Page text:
First, it can help you engage users who want to get answers to their questions immediately but who don't want to call. Second, it can help you free up phone lines for calls on questions that can't be solved online. And third, live chats or chatbot options work like interactive FAQ sections, engaging visitors into communication and waiving all their objections at once.
While most businesses see nothing wrong with using standard templates and contact forms on their websites, you don't have to follow their lead and blend in with their crowd. Don't be afraid to get creative and design your contact page so it would evoke emotions, showcase the personality behind your brand, and make users remember you.
Why use cliche words and forms? They'll hardly impress your prospective customers and invite them to contact your coworking space. Think of a different approach: use creative hooks and non-standard design, eliminate one-size-fits-all contact form templates, but make it easy for people to reach you.
At the same time, be sure that a contact page matches your brand and doesn't ruin the overall user experience.
When a visitor comes to your coworking contact page, they want to understand how long it will take to get an answer. Set expectations: If you get tons of emails daily or you aren't going to reply to certain types of messages, let the audience know about it at once. Be honest, but try not to cross a fine line between straightforwardness and discouragement. It's unlikely that someone will contact a business saying they need a week or two for feedback.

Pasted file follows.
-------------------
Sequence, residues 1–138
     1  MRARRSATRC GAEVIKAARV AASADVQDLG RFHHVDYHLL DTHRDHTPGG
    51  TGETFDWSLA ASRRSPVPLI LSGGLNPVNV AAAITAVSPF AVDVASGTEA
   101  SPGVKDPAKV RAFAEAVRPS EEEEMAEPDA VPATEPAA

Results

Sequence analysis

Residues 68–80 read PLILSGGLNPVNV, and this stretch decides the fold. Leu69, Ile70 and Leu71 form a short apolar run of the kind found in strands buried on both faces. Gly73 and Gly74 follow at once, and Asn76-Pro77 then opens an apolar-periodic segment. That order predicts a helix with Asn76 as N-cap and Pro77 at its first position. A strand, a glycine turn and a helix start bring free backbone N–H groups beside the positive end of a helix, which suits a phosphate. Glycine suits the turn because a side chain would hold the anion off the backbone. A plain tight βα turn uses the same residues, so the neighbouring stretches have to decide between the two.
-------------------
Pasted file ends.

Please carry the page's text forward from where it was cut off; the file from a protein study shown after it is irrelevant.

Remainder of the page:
In the above example, working hours serve as clear expectations set for visitors. Whether you practice SMS marketing to communicate with the audience through your sms marketing platform, chat with them online, or reply to their messages on social media, please set limits for users to know when they are most likely to hear from you.
A contact page is among the most visited and, therefore, convertible pages of many websites. For your coworking contact page to convert, ensure it's well-optimized: informative, user-friendly, and inviting to click.
The best contact pages are those with:
And last but not least, test your contact page's every link and field regularly. You don't want to miss its power for your coworking space growth, do you?___________________________________________________________________________
This article is by Lesley Vos. Lesley is a professional copywriter and guest contributor, currently blogging at Bid4Papers, a platform that helps students and authors with writing solutions. Specializing in data research, web text writing, and content promotion, she is in love with words, non-fiction literature, and jazz.